Managing Director, Head of Real Estate Asia Pacific
Q: When you look across the various sectors of the real estate market, is there one in particular that presents the most opportunity?
A: We have been attempting to diversify in, or to enter, what we call the alternative sectors. Those generally include logistics, data centres, life science and co-living. We believe these are sectors that will benefit from longer-term structural changes in Asia. We entered logistics early and have had considerable success. We are trying to pick through the other sectors — not just this year, but at least the next few years.
Q: How does de-globalization factor into that?
A: We are seeing a China-plus-one policy playing out. That means enterprises in China, such as manufacturers, will retain their plants in China but will establish their next plant somewhere else. Southeast Asia, in particular Vietnam and Indonesia, are key beneficiaries of that. This China-plus-one policy has also led to increased intra-Asian trade. From the real-estate perspective, we have seen more players entering those countries in the last two or three years. We have been in Indonesia for six years now — mainly in logistics — and we’ve been researching Vietnam to determine its attractiveness for CPP Investments.
Q: CPP Investments has teamed up with Mitsui on data centres in Japan; why is that country particularly attractive for this type of real estate?
A: I think it’s because of the size of the market, with a population of more than 100 million people, and it’s a very rich economy that will continue to generate demand for data storage. As well, acquiring land with power supply for data centres in Japan is a challenging task and presents a high barrier to entry. What also makes Japan interesting is that a lot of trans-Pacific cables converge there; the ideal locations for data centres are cities with high connectivity to the rest of the world.
Q: Climate change and tech disruption are two of the Institute’s thematic priorities; how would you describe their impact on the real estate sector?
A: To some degree, they overlap.
The impact of technology on real estate started quite some time ago. The most obvious example is how e-commerce totally disrupted the way shopping centres function. The flip side of disruption for shopping malls is that it leads to the growth of modern logistics; we were early investors in logistics in Asia, which is now the largest sector in our portfolio. So, we have been a great beneficiary of that.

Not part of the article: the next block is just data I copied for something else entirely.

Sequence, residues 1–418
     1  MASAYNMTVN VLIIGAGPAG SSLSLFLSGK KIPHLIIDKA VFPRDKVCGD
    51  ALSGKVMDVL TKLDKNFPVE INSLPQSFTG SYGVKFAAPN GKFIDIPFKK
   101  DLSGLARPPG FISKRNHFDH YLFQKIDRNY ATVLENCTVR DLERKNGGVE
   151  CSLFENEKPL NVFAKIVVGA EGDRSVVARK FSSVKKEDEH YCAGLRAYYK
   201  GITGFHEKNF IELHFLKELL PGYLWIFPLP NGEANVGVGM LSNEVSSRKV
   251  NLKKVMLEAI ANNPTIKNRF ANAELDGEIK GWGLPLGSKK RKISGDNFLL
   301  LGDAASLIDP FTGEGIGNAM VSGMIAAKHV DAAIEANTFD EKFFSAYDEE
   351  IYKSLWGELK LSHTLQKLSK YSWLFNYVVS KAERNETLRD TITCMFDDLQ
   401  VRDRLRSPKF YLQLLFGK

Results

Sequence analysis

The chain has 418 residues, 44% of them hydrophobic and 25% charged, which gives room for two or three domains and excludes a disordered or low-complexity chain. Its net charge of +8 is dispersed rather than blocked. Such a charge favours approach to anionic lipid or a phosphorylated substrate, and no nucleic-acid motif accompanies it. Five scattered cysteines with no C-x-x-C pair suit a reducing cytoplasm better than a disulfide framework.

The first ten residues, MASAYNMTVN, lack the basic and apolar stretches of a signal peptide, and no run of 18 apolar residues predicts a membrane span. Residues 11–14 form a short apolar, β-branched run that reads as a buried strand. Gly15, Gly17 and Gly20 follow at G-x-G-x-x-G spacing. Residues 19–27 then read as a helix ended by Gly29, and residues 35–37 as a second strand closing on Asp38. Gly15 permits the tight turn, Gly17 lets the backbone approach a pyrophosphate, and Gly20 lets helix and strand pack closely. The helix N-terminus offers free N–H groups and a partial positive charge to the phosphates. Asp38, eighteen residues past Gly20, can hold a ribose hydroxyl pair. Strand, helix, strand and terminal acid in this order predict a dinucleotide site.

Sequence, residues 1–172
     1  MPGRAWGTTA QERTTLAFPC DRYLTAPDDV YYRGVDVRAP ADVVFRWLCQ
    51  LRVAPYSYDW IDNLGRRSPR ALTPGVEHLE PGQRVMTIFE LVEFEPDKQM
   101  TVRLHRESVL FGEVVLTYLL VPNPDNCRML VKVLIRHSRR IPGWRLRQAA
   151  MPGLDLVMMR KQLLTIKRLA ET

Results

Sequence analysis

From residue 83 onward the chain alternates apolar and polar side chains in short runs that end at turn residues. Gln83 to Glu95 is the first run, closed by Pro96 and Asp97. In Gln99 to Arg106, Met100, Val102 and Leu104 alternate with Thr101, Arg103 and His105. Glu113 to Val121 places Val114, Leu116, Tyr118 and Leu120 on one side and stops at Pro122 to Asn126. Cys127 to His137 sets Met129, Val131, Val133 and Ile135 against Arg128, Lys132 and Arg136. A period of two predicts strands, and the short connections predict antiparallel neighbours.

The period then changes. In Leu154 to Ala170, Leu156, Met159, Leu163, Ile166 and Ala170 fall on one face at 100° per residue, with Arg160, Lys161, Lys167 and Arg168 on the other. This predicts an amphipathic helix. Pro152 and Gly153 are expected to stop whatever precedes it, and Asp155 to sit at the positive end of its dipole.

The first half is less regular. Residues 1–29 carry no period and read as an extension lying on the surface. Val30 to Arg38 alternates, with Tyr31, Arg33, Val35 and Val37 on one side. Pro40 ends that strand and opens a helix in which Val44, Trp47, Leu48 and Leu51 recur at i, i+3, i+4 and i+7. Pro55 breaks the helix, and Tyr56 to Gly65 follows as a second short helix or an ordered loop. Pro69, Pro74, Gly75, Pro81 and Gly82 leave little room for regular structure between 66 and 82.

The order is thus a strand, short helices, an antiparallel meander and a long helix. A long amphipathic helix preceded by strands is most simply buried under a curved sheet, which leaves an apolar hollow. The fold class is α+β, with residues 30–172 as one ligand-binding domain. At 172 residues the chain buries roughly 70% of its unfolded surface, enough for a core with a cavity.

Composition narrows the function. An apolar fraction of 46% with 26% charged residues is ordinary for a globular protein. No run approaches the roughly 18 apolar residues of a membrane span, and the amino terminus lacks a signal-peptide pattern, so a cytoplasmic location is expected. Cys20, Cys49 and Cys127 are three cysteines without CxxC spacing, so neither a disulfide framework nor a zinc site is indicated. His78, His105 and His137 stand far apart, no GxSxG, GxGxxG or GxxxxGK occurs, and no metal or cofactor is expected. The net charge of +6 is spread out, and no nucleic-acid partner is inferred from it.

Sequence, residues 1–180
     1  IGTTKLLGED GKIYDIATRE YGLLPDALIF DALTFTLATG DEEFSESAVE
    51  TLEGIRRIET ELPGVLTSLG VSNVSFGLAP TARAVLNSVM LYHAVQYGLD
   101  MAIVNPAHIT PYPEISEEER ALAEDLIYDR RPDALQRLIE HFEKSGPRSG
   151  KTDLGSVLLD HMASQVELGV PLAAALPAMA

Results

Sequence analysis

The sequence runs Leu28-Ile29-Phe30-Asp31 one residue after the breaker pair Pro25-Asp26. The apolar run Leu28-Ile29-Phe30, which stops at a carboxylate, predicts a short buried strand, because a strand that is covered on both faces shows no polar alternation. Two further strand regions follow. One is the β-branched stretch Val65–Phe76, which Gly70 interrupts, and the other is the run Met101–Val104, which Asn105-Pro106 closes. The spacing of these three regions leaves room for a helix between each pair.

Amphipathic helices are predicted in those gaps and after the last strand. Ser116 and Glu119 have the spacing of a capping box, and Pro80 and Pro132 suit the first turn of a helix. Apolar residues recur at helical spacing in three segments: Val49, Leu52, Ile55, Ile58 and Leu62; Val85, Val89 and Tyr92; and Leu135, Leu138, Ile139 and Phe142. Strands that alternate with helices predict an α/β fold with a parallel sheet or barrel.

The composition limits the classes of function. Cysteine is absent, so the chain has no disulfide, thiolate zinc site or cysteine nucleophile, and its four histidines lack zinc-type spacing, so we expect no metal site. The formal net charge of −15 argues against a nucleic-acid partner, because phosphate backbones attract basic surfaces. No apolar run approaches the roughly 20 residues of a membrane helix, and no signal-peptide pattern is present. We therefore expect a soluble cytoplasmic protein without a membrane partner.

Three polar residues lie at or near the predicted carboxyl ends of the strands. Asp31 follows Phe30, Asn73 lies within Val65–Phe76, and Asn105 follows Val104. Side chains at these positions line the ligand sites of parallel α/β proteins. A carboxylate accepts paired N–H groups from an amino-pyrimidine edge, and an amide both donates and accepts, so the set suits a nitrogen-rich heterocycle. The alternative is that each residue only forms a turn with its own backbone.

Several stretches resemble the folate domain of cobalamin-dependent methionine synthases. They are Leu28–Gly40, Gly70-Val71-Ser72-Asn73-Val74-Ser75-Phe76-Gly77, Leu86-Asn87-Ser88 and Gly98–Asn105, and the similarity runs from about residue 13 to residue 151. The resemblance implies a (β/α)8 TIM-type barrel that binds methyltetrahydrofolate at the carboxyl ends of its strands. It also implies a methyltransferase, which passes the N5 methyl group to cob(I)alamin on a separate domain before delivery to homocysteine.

Technology has also disrupted the office market, especially through the COVID-19 pandemic as working from home became common. That led to a re-calculation of the true demand for office space going forward, and it also led to new workspace requirements. So, tech disruption has changed nearly every sector of the real estate market; it’s evolving and it is a key evaluation criteria for us when we look at new investments.
Climate change is arguably much more complex than technology. It is top of mind, and the list of challenges is really, really long. Tackling climate change requires the collaboration of all stakeholders – investors, landlords, tenants, builders, valuers, regulators, governments and so forth.
I think, for us, the first thing is data collection — we need a set of reliable data to help us understand how big the issue is for every single asset before we even attempt a solution. Today, Asia is lagging a bit behind in this respect, but it’s catching up. Fortunately for us, our commercial partners are primarily in Australia, and they are at the forefront of this issue.
And in CPP Investments’ Real Estate department, we have a dedicated committee working together with our Sustainable Investing unit to help us understand this complexity and ensuring that we maintain consistency around the world on this issue.
Q: In China, there has been concern about developers’ debt levels. How has CPP Investments navigated that, and how has diversification helped?
A: We have not been affected by the recent Chinese developer debt issues. We met with numerous Chinese developers over the years but have only entered into partnership with one, which is Longfor. It is recognized by the market as one of the best-managed Chinese developers and it has not defaulted on any of its bonds nor encountered any debt repayment difficulties. In fact, it has been taking advantage of the current weakness in the Chinese market to expand its land bank.
The other partners we have in China are foreign companies with a long presence in that country, such as the Goodman Group from Australia and Capitaland from Singapore. These are companies with strong balance sheets, best-in-class corporate governance and have been isolated from the recent Chinese developers debt debacle. Our stringent partner-selection process and having a judicious balance of local and foreign players in China has served us well.